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Revealed: Over a million people overpaid on NHS prescriptions because they didn't buy a 'season ticket' - here's how you can save 

More than one million people in England missed out on savings of around £40 in the 12 months leading up to this April because they didn't buy a prescriptions 'season ticket'. That's according to data from our Freedom of Information request. Here's what you need to know and how you can cut your medical costs.

Figures obtained by (MSE) from the NHS Business Services Authority, which manages NHS finances, show that 1,064,992 people paid for at least 12 prescriptions in the 2021/2022 financial year, with around 16 items purchased on average. 

Yet by paying £9.35 for each prescription - the cost both at the time and now - for an average of 16 prescriptions, rather than a single payment of £108.10 for unlimited prescriptions using a 12-month season ticket, you end up overpaying by roughly £40 a year - or around £43 million in total. Some 1,063,648 people also overpaid for prescriptions in the 2020/21 financial year. 

We explain more on how the season ticket, officially known as a 'prescription prepayment certificate (PPC)', works below, but did you know that some medication can cost substantially less if bought over the counter? See our Cheap and free prescriptions guide to find out how you can save. Prescriptions remain free of charge for those residing in Northern Ireland, Scotland and Wales.

More than a million people are missing out on savings each year

Every year people are missing out on savings, with the last financial year being the fourth year in a row that the number of patients losing out has reached over one million.


How many people could have saved using an annual prescription prepayment certificate (PPC)


Financial year Number of patients in England who could have saved with an annual PPC
2015/16 745,764
2016/17 825,693
2017/18 828,257
2018/19 1,042,008
2019/20 1,058,147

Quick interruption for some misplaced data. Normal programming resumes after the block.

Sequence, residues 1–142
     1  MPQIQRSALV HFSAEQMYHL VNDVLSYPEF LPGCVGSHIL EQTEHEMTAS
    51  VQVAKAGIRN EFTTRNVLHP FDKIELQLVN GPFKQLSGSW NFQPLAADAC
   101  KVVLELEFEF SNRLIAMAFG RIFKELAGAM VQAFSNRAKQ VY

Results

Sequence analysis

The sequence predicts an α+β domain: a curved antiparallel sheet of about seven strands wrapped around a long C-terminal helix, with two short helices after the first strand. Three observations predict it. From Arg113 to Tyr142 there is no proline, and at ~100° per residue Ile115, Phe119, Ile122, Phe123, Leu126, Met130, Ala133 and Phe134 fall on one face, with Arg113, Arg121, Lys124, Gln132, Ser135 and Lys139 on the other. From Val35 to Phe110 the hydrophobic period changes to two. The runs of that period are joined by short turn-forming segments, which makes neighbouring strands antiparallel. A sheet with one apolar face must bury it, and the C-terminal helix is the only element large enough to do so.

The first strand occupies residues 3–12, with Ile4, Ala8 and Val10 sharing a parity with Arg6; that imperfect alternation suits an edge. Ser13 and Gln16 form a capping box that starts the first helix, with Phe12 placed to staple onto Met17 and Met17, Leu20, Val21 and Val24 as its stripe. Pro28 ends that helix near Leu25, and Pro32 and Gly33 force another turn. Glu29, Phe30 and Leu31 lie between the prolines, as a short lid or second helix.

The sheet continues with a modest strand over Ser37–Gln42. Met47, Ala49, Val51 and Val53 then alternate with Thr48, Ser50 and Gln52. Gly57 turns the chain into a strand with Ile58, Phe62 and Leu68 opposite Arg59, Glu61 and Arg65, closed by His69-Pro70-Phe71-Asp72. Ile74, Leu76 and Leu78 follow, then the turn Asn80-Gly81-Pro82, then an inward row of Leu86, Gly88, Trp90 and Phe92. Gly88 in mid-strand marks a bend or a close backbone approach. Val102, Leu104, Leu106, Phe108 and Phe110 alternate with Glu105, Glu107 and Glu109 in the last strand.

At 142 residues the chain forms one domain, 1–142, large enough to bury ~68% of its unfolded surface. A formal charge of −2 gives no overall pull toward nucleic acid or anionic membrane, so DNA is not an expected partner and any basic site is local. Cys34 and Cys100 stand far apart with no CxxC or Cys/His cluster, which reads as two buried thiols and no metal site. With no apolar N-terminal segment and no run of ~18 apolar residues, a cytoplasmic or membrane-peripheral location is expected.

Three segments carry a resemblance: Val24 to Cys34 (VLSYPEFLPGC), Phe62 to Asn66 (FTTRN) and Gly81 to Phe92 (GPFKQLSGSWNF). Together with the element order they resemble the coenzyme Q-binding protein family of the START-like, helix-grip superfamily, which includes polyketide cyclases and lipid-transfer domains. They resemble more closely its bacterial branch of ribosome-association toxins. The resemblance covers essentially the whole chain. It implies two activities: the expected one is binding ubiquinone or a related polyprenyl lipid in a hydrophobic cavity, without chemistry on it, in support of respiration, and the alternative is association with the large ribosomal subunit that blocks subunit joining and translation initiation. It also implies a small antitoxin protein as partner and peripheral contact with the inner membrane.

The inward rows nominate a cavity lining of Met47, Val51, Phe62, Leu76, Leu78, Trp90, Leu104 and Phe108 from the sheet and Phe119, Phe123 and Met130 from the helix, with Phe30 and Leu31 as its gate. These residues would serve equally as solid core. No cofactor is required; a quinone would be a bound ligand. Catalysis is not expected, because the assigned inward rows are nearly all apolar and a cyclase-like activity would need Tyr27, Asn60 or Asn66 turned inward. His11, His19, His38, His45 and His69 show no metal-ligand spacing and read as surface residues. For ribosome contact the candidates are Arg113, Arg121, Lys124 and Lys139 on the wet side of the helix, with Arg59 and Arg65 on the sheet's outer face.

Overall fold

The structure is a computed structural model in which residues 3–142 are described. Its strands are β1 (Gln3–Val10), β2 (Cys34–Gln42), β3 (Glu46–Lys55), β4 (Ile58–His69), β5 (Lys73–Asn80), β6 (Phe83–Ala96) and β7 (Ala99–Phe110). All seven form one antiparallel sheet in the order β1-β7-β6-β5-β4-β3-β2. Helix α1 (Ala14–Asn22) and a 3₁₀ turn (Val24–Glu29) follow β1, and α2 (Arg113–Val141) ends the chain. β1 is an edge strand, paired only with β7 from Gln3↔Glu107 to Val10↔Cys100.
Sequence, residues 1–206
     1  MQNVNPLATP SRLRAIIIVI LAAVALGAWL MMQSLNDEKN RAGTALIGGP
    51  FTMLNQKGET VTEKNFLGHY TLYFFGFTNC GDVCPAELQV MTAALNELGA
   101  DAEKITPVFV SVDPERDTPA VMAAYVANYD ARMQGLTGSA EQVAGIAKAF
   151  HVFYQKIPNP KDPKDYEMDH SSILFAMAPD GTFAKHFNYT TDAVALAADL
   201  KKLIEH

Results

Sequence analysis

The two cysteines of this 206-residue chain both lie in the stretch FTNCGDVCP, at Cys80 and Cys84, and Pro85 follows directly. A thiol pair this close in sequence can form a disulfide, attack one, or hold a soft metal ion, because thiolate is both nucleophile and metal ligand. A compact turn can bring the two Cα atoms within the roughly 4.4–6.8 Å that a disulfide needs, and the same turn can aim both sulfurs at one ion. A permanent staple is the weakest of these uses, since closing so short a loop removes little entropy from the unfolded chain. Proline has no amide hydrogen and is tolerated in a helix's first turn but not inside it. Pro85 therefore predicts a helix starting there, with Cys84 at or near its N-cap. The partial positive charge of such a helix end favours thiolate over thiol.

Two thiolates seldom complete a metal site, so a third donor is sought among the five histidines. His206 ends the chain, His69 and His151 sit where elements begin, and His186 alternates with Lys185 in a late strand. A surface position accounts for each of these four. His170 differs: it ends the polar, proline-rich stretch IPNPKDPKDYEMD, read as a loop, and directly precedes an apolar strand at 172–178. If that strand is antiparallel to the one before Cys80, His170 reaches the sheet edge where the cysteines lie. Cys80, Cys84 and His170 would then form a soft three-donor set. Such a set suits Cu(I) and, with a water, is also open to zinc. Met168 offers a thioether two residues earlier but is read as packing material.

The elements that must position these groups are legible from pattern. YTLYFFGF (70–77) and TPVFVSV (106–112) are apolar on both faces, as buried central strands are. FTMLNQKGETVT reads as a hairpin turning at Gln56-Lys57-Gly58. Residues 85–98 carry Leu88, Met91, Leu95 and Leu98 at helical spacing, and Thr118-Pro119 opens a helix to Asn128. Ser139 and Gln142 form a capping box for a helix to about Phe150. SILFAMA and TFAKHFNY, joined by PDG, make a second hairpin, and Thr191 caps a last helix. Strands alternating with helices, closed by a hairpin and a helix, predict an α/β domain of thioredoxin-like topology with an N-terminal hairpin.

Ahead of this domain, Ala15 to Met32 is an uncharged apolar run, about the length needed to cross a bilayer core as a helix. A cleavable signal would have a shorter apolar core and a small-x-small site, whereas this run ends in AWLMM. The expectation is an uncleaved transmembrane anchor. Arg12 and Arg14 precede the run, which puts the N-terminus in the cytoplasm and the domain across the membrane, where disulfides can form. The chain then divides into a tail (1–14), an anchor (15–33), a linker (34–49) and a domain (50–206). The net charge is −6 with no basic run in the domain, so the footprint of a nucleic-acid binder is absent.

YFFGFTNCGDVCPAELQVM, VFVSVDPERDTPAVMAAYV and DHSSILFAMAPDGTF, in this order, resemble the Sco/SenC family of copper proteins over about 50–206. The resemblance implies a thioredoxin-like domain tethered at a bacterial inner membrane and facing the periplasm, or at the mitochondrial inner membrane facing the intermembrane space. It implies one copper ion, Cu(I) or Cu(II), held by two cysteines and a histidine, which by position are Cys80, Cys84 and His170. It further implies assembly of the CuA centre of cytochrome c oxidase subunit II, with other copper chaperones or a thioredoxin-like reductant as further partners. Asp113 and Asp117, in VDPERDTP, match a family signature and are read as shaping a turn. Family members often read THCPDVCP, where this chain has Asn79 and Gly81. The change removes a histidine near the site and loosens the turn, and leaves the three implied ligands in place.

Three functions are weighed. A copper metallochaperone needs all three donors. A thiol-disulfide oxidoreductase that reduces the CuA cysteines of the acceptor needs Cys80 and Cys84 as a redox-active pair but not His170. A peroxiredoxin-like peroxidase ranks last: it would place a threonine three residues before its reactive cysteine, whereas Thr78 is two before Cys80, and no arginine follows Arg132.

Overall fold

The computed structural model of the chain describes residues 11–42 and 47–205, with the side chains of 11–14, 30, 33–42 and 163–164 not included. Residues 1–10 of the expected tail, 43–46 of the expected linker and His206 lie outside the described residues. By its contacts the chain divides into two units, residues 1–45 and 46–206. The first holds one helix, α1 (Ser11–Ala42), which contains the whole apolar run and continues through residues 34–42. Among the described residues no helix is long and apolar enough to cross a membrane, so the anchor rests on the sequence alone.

2020/21 1,063,648
2021/22 1,064,992

Martin Lewis, founder of, said: "England is the only one of the four UK nations that charges for prescriptions, and so it's frustrating to hear that many people are still paying more than they need to – especially at a time when every penny counts towards bills.

"We need to spread the word to anyone who regularly gets prescriptions – including some with chronic illnesses – to check out prescription prepayment certificates. My simple rule of thumb is if you get more than one prescription a month, on average these 'season tickets' are the cheapest option as they cap what you need to pay. For a one-off payment, you get unlimited prescriptions for either three months or a year.

"So someone getting, say, two prescriptions a month would save over £100 a year. If you think that's you, check it out now in case we see another price hike at the beginning of spring."

Here's how a prescription season ticket works - and how much you can save

Prescription and PPC prices tend to rise each April. However, for the 2021/22 and 2022/23 financial years prices have been frozen at £9.35 a prescription, £108.10 for an annual season ticket (though you can pay for it by direct debit in 10 instalments of £10.81 each), and £30.25 for a three-month certificate (you can't pay for this one in instalments).  

This means a 12-month prescription can save you at least £4.10 a year if you buy at least 12 prescriptions. Alternatively, a three-month season ticket can save you at least £7.15 if you buy four or more prescriptions. However, the more prescriptions you need, the more you can save with a season ticket. Those paying for 16 prescriptions can save £41.50 with a 12-month season ticket, for example. 

If you need multiple prescriptions and you don't already have a PPC it's worth getting one now, as we don't yet know if prescription and season ticket prices will rise for the 2023/24 financial year - though check first if you can get prescriptions for free as we outline below. 

Before buying a prescription season ticket, check first if you even need to pay for one

Before buying a prescription season ticket, always check first if you qualify for an exemption and can avoid paying for a prescription entirely. The NHS has an online 'Do I get free prescriptions?' tool where you can check your eligibility.

More people qualify than you think – not just those on a low income and in receipt of certain benefits. People aged under 16, 16 to 18, and 60 and over are also entitled to free prescriptions, as are those who are pregnant and those who have had a baby in the past 12 months, plus more.

Also be aware that if you're prescribed medication, such as painkillers or dermatology creams that are also available over the counter, often it's cheaper to buy them that way rather than buying them via a prescription.

If it's right for you, here's how to buy a prescription season ticket

You can buy a season ticket online, over the phone on 0300 330 1341, or at many pharmacies. It can be paid for by card or by direct debit. And if you've paid for prescriptions while waiting for your season ticket to arrive, you can use an NHS FP57 refund form (ask the pharmacy or dispensary which dispenses your prescription for one) to get your money back.

In the 2021/22 financial year, our Freedom of Information request revealed there were 2,596,110 PPCs purchased in total, including both annual and three-month versions.

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